As it stands now, I’m fairly sure no other D1 school with a men’s lacrosse team has a lacrosse-specific council like the one Hopkins has now, but I could be wrong. Indeed, I wouldn’t be surprised if some school with D1 men’s lacrosse team has a lacrosse-only committee tucked somewhere in their athletic department under multiple, sweaty bags of cash, but I digress. The important thing to focus on today is that a small, scrappy, underdog
school cradle of learning, like The Johns Hopkins University is able to compete with the Goliaths of college athletics and continues to be at the vanguard of D1 lacrosse; it’s a truly powerful and uplifting story in these stressful times. #Blessed
It’s no secret that some members of the Hopkins mob over on LaxPower have gotten a little, shall we say, unsettled about the Blue Jays men’s lacrosse program. Hopkins has been to the Final Four only once since 2008, and there is a sentiment by some alums that the program has dipped recently, notwithstanding that great Philadelphia Final Four run in 2015. Some might call the new board mere window dressing, but I see it as a good good proactive step by the school & the lacrosse programs to demonstrate that they’ve heard/read these concerns and have taken some steps to address them.
One can’t glean too much about the board from the press release, and I doubt a council that meets in person once a year is going to be that involved in the day-to-day running of the programs, but the formation of the board allows for alums that care about Hopkins lacrosse a place to share their concerns or ideas with other like-minded individuals in a formal way and will help to improve communication between the programs & the alumni community.
The last time Hopkins made a committee that was mainly focused on lacrosse was in 2013 when the school created a seven-member committee to explore whether or not Hopkins should pursue conference affiliation. As we all know, the committee recommended that Hopkins join a conference, the Big Ten had a spot open, the men’s lacrosse team agreed to join the Big Ten in 2015 (followed shortly thereafter by the women’s program), and the landscape of college lacrosse hasn’t been the same since.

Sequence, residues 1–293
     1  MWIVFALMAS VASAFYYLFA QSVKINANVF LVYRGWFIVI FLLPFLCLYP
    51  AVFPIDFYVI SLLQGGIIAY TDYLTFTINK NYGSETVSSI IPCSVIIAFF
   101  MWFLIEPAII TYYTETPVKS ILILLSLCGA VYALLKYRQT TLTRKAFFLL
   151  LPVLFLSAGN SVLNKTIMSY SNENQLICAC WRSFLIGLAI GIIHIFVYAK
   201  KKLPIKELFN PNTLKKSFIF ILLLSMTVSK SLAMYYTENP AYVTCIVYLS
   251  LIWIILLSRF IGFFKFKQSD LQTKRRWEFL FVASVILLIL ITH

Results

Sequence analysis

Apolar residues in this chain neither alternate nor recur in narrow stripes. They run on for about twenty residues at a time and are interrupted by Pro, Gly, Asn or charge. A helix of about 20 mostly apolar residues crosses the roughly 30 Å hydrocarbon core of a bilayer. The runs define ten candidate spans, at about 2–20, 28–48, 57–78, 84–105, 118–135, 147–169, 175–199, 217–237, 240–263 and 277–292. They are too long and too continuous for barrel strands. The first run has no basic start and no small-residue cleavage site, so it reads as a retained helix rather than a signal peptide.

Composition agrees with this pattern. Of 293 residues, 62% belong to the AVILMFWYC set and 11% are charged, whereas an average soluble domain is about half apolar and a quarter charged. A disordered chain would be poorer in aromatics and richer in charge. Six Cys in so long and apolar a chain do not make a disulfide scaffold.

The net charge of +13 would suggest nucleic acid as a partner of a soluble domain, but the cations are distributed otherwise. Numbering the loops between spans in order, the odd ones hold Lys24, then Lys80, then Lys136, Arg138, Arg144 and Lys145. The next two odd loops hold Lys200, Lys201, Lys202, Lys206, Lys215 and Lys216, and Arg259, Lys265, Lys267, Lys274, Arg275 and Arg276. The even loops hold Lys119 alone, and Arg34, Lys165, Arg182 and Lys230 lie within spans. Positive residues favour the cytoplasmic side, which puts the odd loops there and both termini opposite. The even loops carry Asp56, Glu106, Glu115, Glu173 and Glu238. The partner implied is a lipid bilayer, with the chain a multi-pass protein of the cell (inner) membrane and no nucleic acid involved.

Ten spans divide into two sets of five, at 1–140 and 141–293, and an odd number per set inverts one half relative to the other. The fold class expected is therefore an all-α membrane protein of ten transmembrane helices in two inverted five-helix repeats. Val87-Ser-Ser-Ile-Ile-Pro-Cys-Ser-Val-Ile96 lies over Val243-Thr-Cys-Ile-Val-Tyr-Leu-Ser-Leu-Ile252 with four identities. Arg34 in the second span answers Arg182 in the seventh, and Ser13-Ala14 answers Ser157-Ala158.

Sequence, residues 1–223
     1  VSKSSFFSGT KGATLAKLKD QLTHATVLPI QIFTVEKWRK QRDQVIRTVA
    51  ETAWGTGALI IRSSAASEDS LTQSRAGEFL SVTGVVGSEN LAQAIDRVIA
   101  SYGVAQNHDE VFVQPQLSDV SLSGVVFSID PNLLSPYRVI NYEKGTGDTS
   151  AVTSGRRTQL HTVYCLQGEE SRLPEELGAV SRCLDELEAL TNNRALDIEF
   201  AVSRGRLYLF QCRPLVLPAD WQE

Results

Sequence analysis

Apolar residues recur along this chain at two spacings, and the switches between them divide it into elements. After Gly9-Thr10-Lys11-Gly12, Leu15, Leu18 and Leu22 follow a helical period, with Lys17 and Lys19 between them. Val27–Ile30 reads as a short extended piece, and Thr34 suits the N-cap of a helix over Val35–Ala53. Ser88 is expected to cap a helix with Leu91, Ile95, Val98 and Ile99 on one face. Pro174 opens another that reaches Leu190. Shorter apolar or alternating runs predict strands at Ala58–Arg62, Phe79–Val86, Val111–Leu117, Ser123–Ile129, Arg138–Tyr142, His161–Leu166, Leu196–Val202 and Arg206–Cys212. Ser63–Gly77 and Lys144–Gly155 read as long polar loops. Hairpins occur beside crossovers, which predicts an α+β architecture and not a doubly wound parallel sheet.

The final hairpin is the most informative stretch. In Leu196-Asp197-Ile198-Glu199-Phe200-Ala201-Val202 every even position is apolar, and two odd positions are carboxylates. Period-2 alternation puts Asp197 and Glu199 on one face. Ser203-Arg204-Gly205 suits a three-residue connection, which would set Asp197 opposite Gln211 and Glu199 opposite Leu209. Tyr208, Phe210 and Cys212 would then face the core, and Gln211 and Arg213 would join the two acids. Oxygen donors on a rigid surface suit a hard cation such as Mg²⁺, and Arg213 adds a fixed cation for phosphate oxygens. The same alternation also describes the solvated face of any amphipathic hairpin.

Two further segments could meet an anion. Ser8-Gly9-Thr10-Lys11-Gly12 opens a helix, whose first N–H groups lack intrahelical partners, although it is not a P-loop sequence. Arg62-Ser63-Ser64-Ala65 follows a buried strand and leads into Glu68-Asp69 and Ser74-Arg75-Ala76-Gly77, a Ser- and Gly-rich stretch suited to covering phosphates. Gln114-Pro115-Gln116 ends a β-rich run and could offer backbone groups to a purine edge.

Hopkins does have some major decisions to make in the near future, which is probably why the school created this board. Indeed, the initial agreement between Hopkins and the Big Ten was only for 5 years, which means it will run out after the 2020 season. Will Hopkins re-up the deal? Will Big Ten purist stage a coup d'état, overthrow Big Ten Commissioner Jim Delany, and kick Hopkins out? Could Hop join a different conference (HARD PASS)? I don’t know the answers to these questions, but I have a pretty good feeling that this is going to play some role in the decision-making process regarding conference affiliation.
Additionally, Hopkins and ESPN have (had?) a TV deal that started in 2005 and has been in effect ever since then. The contract was last renewed for four more years in 2013 (“They say it is also critical to protect the university's ties with ESPNU, which broadcasts all Blue Jays home games and recently renewed that relationship for four more years.”), if my math is right, the ESPN contract ended after last season. I’ve looked around and I haven’t seen anything about it being renewed. Will Hop & ESPN renew their deal? The athletic department will probably run point on issues regarding TV contracts, but I could also see the board playing some role in the decision, even if it’s just as an advisory one.
Anyway, it should be an interesting time for Hop fans over the next year and a half. LOTS OF MOVING PARTS! Adam & I will discuss the board, the upcoming 2018 season, and all things Hopkins lacrosse in our soon to be launched Johns Hopkins Lacrossecast (working title).